Celebrating National Aboriginal Day

A large collection of interviews about Blackfoot culture and traditional dances, compiled by a pair of University of Lethbridge researchers and their colleagues, will return to the Blackfoot (Kainai) community in a most un-traditional way – on DVDs, CDs, and with a 'digital deposit' to the Blackfoot Digital Library at Red Crow College.

University of Lethbridge researchers Lisa Doolittle (theatre arts) and Troy Emery Twigg (Native American studies), along with Anne Flynn (kinesiology) from the University of Calgary and their colleagues, will be handing back to the community all the materials generated by their five-year-long research project which investigated the various forms of Blackfoot dance from the perspective of several elders and young people in Southern Alberta Blackfoot communities.

An archival image of a traditional Blackfoot pow wow. Courtesy Glenbow Museum.

The ceremony will take place Monday, June 21 to coincide with National Aboriginal Day.

"Traditionally, when elders passed on knowledge, it was the duty of the learner to ensure it would benefit the whole community and be returned to the community," says Emery Twigg. "This very contemporary digital format is a new way of transferring ancient knowledge."

Beginning with the criminalization of indigenous dances, such as sun dances and give-away ceremonies, which were made illegal through changes to Canada's Indian Act in the late 1800s, the researchers looked at a wide range of dance practices and collected in-depth information through interviews with selected elders and young people.

"To us as outsiders, the resilience of this community in the face of multiple assaults on their way of life is most striking, and that resilience is powerfully expressed in the unbroken practice of dance ceremonies, and in the immense popularity of dance competitions and in contemporary artistic expression," says Doolittle.

If the overall aim of the project is to stimulate conversation and increase research about dance and related aspects of Blackfoot life over the past century, opening the collection of materials up to the worldwide community puts a whole new perspective on the traditional method of transferring knowledge, according to a Red Crow College spokesperson.

"If this sort of transfer were to become a trend, there would be far less strain in relationships between native communities and universities and other institutions like museums," says Ryan Heavy Head, who has been instrumental in initiating and managing the digital library.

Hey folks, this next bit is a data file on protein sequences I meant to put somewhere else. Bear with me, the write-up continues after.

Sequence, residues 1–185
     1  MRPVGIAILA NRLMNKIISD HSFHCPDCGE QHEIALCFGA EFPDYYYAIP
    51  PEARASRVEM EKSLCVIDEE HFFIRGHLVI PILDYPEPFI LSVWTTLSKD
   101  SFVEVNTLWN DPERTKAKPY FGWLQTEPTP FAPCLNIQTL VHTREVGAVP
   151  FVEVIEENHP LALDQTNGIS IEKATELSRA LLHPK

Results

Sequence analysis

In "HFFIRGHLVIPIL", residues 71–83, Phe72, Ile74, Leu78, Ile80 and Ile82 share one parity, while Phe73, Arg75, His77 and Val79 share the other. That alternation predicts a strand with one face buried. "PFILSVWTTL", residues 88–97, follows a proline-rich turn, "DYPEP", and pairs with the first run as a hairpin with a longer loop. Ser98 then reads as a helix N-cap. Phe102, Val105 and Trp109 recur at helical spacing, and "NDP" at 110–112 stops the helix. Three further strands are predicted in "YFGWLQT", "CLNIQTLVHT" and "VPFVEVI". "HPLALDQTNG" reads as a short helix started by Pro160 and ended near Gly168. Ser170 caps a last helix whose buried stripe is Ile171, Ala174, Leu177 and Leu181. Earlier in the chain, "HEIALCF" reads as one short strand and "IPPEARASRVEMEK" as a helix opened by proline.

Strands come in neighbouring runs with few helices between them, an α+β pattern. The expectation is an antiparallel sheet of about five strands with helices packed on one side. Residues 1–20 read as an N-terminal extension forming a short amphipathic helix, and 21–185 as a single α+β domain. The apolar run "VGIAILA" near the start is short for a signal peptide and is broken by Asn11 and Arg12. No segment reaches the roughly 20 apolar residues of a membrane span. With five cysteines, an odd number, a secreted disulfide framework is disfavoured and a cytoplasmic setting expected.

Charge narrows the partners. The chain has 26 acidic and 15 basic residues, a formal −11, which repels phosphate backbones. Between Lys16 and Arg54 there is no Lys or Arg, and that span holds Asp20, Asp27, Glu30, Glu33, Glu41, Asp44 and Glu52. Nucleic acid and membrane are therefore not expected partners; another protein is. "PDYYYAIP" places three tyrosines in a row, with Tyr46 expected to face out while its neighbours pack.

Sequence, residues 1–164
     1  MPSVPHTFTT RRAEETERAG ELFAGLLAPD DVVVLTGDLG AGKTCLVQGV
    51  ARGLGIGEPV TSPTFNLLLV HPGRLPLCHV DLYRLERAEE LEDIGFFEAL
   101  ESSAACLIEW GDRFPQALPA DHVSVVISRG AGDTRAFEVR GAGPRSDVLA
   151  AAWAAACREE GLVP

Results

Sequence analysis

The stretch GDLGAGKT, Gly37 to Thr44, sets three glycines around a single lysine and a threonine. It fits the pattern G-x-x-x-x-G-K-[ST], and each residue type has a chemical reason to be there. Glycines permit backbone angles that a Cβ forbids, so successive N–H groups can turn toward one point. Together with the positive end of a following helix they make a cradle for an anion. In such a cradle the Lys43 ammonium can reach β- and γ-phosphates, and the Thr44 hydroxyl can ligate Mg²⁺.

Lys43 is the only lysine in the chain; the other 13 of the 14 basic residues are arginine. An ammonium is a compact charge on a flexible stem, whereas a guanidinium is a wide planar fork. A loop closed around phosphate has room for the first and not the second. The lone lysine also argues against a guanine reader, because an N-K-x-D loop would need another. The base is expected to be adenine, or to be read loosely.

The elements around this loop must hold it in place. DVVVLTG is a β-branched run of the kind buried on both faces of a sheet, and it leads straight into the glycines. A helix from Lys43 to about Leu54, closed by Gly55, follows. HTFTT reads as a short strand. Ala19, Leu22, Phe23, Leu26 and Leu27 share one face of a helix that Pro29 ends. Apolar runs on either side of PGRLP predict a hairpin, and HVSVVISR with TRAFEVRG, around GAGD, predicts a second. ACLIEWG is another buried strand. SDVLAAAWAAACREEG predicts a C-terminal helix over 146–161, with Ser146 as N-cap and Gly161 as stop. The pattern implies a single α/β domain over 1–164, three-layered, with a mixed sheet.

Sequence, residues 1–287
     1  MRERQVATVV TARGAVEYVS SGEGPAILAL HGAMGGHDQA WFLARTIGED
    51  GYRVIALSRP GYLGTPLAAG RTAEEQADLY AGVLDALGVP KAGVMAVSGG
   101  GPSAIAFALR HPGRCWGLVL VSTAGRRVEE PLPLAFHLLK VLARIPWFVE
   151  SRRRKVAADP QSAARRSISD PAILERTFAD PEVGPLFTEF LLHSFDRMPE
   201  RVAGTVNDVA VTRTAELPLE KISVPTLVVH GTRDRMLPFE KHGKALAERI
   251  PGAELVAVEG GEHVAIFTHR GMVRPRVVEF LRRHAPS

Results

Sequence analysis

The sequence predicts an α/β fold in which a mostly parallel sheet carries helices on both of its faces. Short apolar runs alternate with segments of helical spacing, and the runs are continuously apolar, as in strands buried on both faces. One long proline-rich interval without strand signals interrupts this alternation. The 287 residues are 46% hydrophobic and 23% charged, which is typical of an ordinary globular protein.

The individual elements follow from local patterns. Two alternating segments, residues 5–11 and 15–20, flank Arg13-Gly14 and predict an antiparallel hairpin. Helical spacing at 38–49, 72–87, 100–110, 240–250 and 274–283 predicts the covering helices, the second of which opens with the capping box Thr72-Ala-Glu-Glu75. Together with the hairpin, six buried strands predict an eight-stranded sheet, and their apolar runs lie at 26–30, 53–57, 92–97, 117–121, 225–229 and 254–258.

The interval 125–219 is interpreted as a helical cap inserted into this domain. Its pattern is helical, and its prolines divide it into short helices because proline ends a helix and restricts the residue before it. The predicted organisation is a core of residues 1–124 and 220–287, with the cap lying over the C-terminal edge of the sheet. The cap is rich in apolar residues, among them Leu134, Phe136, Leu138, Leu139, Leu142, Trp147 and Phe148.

"The collaboration of Red Crow College and the Kainai Studies/Blackfoot Digital Library initiative enables wide distribution, allowing others to see the materials for themselves, and reinterpret and reuse them."

Local community members, teachers, international scholars and any interested members of the public will be able to easily access videos, sound recordings and print materials through the Blackfoot Digital Library.

The materials are also accessible through the University of Lethbridge Library web pages through a link to the Blackfoot Digital Library. Red Crow College partnered with the University of Lethbridge Library to establish the Blackfoot Digital Library.

Researchers Doolittle and Flynn, who titled their project "Blackfoot Dance History: Selected Perspectives," investigated how dancing affects identity and influences public policies both within communities and in cross-cultural situations. They have presented aspects of this research at international conferences in the UK, the United States and Canada, and, along with Emery Twigg, will be featured plenary speakers at the International Conference of the American Society for Theatre Research in Seattle in November.

The project is part of a Social Sciences and Humanities Research Council–funded investigation into dance and multiculturalism in Canada, and has received additional funding from the University of Lethbridge Research Fund and the University Scholars program.

To view a brief video clip of elders speaking about Blackfoot dance, follow this link.